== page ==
On first walking in, the set of Khandan seemed clean and tidy to an almost clinical level – not the sort of place you would find in a normal family home. However, as the play began, a clutter started to build up and the set burst to life. There was something so believably real about the suburban kitchen I found myself sitting in. It was easy to forget you were watching a play, and not simply the lives of real strangers. The audience were entirely included in the set as photos in frames and wall lamps took up all four walls of the theatre, not just the wall at the back.
Gurpreet Kaur Bhatti’s Khandan (family) accurately depicts the struggle between an older, more traditionally Indian generation and their westernised children. The contrast in accents between the two generations brilliantly showed this, as did the costumes. Sudha Bhuchar, playing Jeeto, parades a dazzling array of Shalwar Kameez; the colours and patterns of which are distinctly different than the grey and blacks of the suits and jeans worn by her son, Pal (played by Rez Kempton).
What surprised me most about this production was the effort that had been put in to creating such an authentic, genuine performance. The taps at the sink worked, cooking was done live on stage and every detail was thought out, right down to the ingredients used in the ‘cha’. The actors’ performances also had a high level of truth to them. Sudha Bhuchar was sublime, giving a ‘just get on with it’ vibe, and there was a feeling of familiarity across the whole cast that left you watching with a warm feeling that you had known these characters your whole life.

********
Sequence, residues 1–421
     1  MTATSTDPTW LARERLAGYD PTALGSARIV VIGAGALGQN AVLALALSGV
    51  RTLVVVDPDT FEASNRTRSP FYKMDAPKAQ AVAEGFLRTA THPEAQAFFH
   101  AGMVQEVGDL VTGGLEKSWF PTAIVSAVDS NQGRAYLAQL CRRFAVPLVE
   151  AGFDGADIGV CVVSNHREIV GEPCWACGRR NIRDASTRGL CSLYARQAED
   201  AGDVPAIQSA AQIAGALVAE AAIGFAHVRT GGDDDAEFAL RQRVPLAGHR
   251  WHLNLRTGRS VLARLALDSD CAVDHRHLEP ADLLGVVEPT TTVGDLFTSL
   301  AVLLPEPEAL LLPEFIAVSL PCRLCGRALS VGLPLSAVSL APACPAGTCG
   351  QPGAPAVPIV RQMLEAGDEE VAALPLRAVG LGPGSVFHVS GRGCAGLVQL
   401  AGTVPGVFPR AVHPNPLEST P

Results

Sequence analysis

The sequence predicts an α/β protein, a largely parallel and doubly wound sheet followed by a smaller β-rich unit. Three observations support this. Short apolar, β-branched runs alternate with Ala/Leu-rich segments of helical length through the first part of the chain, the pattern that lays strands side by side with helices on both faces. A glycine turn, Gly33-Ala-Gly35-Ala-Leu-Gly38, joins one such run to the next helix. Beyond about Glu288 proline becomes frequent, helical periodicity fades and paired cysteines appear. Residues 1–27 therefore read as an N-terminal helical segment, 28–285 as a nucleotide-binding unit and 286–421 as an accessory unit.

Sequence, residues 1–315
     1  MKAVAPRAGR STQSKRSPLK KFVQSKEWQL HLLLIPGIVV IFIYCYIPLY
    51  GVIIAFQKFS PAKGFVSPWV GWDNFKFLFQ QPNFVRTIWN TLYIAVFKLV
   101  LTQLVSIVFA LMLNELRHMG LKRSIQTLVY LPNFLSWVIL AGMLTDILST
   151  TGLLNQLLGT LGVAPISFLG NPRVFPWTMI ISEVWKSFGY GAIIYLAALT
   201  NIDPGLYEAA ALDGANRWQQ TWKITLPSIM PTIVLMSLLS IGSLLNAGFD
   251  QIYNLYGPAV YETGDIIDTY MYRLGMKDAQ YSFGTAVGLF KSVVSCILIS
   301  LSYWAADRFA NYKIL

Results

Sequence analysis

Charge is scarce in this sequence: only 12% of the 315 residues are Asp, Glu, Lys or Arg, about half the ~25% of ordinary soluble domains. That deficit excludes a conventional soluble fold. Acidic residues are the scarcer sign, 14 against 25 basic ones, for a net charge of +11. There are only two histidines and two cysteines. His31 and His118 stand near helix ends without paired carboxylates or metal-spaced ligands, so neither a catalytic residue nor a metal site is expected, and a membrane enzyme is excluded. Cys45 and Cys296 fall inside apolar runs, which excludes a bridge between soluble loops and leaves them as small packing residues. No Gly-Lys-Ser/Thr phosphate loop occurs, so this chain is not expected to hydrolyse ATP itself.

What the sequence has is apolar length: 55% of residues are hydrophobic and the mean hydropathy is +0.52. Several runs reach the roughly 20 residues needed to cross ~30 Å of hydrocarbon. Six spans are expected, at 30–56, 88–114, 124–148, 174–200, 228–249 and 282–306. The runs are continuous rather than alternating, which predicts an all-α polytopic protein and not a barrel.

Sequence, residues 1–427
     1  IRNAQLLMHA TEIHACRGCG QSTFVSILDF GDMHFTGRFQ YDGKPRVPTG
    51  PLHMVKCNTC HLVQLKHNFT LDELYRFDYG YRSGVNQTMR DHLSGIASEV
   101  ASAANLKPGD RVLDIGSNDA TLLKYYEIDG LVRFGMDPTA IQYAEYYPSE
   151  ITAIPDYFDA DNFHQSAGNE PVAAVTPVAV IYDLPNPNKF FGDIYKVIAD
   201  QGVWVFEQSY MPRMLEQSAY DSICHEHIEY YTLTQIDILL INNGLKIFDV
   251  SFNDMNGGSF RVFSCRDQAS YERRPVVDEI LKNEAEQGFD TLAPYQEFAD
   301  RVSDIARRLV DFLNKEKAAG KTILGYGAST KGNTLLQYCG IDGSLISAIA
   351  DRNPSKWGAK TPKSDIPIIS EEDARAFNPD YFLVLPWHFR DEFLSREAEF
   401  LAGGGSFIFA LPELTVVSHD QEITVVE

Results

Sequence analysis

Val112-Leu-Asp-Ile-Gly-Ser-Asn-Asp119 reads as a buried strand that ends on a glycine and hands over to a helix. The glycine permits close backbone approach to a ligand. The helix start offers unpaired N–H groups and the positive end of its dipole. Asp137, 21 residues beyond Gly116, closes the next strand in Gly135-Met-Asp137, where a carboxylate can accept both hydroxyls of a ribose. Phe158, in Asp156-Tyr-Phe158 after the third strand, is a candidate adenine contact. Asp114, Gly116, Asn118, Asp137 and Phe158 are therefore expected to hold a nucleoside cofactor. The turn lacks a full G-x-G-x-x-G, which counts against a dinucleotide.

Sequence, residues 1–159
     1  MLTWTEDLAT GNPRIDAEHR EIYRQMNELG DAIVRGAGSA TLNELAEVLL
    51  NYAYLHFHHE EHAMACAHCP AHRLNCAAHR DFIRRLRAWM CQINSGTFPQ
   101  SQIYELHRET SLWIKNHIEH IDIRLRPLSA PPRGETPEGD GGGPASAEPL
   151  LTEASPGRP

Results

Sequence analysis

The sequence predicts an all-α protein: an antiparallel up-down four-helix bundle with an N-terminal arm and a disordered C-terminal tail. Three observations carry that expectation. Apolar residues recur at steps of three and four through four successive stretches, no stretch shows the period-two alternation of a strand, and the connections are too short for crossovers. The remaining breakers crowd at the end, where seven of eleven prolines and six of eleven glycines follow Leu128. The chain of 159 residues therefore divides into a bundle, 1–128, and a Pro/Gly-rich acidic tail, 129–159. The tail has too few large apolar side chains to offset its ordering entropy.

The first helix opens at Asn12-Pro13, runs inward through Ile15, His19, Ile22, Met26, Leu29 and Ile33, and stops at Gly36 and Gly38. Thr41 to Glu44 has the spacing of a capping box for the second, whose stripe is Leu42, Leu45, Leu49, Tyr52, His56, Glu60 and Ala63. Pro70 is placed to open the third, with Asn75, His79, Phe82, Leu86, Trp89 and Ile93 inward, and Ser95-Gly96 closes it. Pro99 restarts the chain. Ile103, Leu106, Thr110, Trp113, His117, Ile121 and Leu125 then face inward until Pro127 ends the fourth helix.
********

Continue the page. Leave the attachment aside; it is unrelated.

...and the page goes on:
Khandan is gently comedic; the performance glided easily between meaningful moments and times when it was easy to laugh. As their lives unfold over endless cups of ‘cha’, they show there is always comedy to be found, even in the most sombre moments: Jeeto shouting down the phone because “He’s in India, stupid”, a sarcastic comment from Cookie or an awkward silence will always break the tension. This added even more genuine realness to the performance as it created a very natural family setting, where moods change fast and often.
There is some controversy in the performance over Pal’s white wife, Liz. Lauren Crace gives a touching performance which shows her eagerness to be included in the family and the Indian traditions, whilst her husband and sister in law try to move as far away as they can from the values held by their parents.
However, as the set is taken apart, we see that as the realness of the kitchen has disintegrated, so has the truth in the relationships as the family life begins to fall apart. Indeed, the audience is given the impression that perhaps the only thing we are really left with in the end are our memories as the lights fade on the green fields we see from Jeeto’s mind’s eye.
Review written by Rebecca Skinner.
Khandan is on at the Royal Court Theatre until Saturday 28th June. For more information on the production, visit here…
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